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April 28 , 2008

A Little Girl of Long Ago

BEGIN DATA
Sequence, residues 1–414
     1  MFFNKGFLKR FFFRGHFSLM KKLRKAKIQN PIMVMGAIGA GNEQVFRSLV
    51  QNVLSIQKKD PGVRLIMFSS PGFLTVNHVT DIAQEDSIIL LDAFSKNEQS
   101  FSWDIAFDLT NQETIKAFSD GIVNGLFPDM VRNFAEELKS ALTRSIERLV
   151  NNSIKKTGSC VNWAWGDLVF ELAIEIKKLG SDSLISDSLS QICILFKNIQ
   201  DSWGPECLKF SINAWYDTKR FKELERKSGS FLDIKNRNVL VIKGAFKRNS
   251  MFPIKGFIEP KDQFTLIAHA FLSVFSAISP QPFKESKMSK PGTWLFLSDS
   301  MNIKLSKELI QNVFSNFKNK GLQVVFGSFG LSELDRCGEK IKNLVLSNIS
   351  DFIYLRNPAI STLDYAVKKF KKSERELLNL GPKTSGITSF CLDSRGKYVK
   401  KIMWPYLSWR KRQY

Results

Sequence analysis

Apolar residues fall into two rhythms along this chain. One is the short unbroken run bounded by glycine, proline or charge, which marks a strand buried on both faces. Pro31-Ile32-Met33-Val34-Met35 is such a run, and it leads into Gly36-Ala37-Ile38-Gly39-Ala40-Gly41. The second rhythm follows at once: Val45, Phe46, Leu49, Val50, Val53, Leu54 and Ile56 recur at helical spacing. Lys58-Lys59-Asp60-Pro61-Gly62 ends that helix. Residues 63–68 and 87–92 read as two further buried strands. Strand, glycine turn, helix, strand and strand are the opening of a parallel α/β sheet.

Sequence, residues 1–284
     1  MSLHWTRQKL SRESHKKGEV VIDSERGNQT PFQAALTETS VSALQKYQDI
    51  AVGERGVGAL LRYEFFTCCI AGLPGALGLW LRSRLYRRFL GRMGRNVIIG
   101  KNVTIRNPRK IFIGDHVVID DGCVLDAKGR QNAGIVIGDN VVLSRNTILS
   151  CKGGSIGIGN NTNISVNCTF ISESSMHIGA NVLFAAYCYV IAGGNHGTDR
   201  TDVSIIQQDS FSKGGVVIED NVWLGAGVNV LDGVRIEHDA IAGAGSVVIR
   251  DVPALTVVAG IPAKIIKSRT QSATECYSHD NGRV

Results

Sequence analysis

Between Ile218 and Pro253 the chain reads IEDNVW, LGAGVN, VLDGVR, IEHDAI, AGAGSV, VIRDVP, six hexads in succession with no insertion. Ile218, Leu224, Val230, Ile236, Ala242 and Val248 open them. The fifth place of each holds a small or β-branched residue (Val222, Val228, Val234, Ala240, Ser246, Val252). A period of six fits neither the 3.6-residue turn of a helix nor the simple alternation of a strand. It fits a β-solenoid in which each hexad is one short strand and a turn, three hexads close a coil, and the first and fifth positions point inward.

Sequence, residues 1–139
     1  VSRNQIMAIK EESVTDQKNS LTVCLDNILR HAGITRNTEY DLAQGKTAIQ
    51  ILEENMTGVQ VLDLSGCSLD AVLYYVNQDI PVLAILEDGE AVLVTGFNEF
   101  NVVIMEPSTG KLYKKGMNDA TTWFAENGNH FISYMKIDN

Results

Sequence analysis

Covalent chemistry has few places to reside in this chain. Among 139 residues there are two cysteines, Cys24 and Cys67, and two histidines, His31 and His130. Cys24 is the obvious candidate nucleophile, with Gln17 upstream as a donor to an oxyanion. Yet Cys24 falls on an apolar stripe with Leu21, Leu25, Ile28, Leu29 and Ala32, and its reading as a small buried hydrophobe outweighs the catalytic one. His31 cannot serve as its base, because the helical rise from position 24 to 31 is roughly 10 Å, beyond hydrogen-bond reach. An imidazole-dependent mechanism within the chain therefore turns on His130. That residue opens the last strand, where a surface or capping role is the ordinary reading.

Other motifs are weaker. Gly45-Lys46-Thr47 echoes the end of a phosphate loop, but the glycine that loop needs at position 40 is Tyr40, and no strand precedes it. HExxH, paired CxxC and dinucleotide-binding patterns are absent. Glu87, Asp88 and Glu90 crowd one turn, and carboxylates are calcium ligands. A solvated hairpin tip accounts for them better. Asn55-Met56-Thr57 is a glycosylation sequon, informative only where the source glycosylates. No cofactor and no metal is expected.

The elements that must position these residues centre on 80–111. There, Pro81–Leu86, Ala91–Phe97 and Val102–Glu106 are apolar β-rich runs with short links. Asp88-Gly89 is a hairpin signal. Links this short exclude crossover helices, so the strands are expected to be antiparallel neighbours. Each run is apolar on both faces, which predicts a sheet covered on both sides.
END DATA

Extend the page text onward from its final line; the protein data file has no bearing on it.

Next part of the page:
The little girl of eleven mused over it. She had a great many things to think about, and her mother suggested presently that there were some things to do. Margaret went upstairs to straighten the parlor and arrange a table in the end of the back room for callers. Hanny found plenty of work, but her small brain kept in a curious confusion, as if it was running back and forth from the past to the future. Events were happening so rapidly. And the whole world seemed changed since her brother Stephen's little boy had been born on Christmas morning. It was curious, too, to grow older, and to understand books and lessons so much better, to feel interested in daily events. There was a new revolution in Mexico; there was a talk of war. But everything went on happily at home. New York was stretching out like a big boy, showing rents and patches in his attire, but up-town he was getting into a new suit, and people exclaimed about the extravagance. As for Stephen's baby, there wasn't any word in Webster's Dictionary to do him justice. He grew fat and fair, his nose became shapely, his dimple was deeper, his chin double, and his pretty hands began to grasp at everything. Stephen said the only drawback was that his hair would be red. Hanny felt curiously teased about it. She couldn't be sure that it was quite a subject for prayer; but she took great comfort in two lines of the old hymn— and she hoped God would listen to the sincere desire of her heart. Hanny's interest was divided by Margaret being made ready for the Valentine ball. Everybody was to go in a fancy dress. Dr. Hoffman chose Margaret's, which was to be a lady of 1790. Miss Cynthia came and looked over the old green-and-white brocade that had descended from Miss Lois. It had a low square neck, and a bodice with deep points back and front, laced with a silver cord. The front breadth, "petticoat," as it was called, was white satin, creamy now with age, embroidered with pink and yellow roses and mossy green leaves. The brocade fell away in a long train, and at the joining was a cascade of fine old lace called Mechlin.
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